Archive | February, 2015

Where there’s fire, there’s smoke

…and sometimes poor air quality.

Cold temperatures often lead to nights snuggled up in piles of blankets with a good book by the fireplace. But the wood-burning fire that’s keeping you cozy might be harmful to our air. How you build your fire and what you burn can have a significant impact on air quality and health. Wood smoke contains ozone-forming gases and fine particles — also called PM2.5 — which can harm the lungs, blood vessels and heart. Reduce the amount of smoke your fire produces to help improve our air quality. Keep the following tips in mind to build a cleaner fire that produces less smoke:

What to burn:

  • Burn only dry, seasoned wood. Wet or green logs create excessive smoke and waste fuel. Listen for a hollow sound when you strike two logs together as an indication of proper seasoning.
  • Hardwoods burn hotter. Soft woods like pine and cedar catch easily and make good kindling, but hardwoods burn longer, hotter and with less smoke once the fire is burning.
  • Never burn household garbage, cardboard, painted or treated wood, or any wood that contains glue, such as plywood or particle board. These items release toxic chemicals when burned, and if you’re using a wood stove they can damage it.

How to build:

  • Start a small fire with dry kindling, and then add a few pieces of wood. Be sure there is space between the pieces of wood and give the fire plenty of air until it’s roaring.
  • Try building a “top-down” fire to maximize heating performance and reduce smoke. It also reduces the amount of work needed to keep the fire going.

Be safe!

  • Wood-burning stoves or appliances should operate without producing smoke. If you see or smell smoke, there is a problem with your appliance. Check EPA’s Burn Wise program for more tips to keep you safe and while you stay warm.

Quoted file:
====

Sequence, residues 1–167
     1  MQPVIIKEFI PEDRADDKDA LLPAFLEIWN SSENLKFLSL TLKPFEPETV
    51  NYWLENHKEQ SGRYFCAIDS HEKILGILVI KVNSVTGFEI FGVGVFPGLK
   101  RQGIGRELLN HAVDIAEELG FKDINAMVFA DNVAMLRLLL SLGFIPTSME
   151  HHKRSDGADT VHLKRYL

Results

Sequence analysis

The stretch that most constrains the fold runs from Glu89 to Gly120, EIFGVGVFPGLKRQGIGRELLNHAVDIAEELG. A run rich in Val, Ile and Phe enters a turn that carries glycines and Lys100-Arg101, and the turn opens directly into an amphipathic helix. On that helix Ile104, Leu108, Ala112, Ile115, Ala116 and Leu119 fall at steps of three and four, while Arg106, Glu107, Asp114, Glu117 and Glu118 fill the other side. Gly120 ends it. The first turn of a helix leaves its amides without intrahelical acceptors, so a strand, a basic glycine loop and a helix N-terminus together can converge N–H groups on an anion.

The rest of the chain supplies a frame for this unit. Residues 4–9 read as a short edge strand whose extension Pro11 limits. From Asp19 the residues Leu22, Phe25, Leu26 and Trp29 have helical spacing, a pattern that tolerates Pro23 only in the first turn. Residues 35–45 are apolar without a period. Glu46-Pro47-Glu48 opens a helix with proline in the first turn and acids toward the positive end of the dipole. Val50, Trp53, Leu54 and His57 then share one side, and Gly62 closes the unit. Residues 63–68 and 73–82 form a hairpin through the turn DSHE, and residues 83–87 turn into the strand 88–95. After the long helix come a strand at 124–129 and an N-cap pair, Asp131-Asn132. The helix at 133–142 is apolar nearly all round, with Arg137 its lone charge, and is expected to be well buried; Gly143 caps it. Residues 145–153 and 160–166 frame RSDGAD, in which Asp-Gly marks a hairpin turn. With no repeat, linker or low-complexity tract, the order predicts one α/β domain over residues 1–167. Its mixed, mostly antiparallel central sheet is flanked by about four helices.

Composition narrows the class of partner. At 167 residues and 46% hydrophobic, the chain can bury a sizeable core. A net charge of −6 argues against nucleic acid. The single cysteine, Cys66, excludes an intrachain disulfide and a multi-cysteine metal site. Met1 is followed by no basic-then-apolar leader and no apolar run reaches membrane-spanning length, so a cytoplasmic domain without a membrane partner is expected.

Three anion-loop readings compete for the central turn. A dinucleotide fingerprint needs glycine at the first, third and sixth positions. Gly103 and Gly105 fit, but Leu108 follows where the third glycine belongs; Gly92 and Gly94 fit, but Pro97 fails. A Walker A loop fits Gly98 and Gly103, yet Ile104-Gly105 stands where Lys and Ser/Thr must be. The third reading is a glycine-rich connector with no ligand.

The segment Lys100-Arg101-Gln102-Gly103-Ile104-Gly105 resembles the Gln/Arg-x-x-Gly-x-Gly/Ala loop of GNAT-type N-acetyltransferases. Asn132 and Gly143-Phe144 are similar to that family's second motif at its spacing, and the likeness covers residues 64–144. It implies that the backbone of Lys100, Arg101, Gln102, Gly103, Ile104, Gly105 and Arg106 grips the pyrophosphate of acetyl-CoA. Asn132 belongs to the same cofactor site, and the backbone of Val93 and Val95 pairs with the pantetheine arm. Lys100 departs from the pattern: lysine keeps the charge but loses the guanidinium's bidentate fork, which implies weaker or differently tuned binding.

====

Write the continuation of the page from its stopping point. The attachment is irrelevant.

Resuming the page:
• And always make sure you have working smoke alarms and carbon monoxide detectors in your home!
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Congratulations to our 2015 SWMD grantees!

One of the most important things the MARC Solid Waste Management District (SWMD) does is provide financial support to organizations in our region for projects that reduce the amount of material we send to landfills. The district receives funding every year from the fees collected from the state’s landfills and transfer stations. Half of that amount is used to fund local waste reduction, reuse and recycling projects through a grant program.

We are very proud of our 2015 group of grant recipients and excited about their projects. The district could not accomplish its waste diversion goals without our grantees!

The 2015 grant projects are:

  • Avenue of Life: $203,492 to support the second year of a regional mattress recycling program.
  • Bridging The Gap: $79,740 to provide one-on-one consultations and assistance to businesses interested in starting new or expanding existing recycling programs.
  • City of Kearney: $5,700 to purchase a container to collect electronics at the Kearney Drop-off Recycling Center.
  • Kansas City Design Center: $30,000 to design a comprehensive, appealing and convenient recycling system for downtown Kansas City.
  • Meredith Car Sales & Recycling: $19,916 to purchase a trailer and hold at least 10 electronic recycling collection events in Cass County.
  • Missouri Organic: $4,000 to purchase carts and establish a paper towel composting program at the University of Missouri-Kansas City campus.
  • Missouri Recycling Association: $12,000 to support costs for a keynote speaker and AV equipment at the annual recycling conference scheduled for September in Kansas City.
  • Project Central: $47,044 to work with five schools to set up recycling and/or composting programs.
  • Southeast Enterprises: $12,000 to support transportation costs associated with a regional holiday light recycling program.
  • Sleepyhead Beds: $7,000 for staffing to conduct six mattress collection events and six presentations in the region north of the Missouri River. Sleepyhead Beds holds these events to collect quality used mattresses which are sanitized and provided to children in need.
  • The Rehabilitation Institute: $80,000 to collect and divert durable medical equipment from the waste stream. Equipment is then either repaired and made available for reuse, or recycled.
  • Truman Heritage Habitat for Humanity ReStore: $49,434 to provide a truck and staffing at the Lee’s Summit Resource Recovery Park to capture reusable materials before they enter the landfill.

Visit the Solid Waste Management District’s website to learn more about the grant program.

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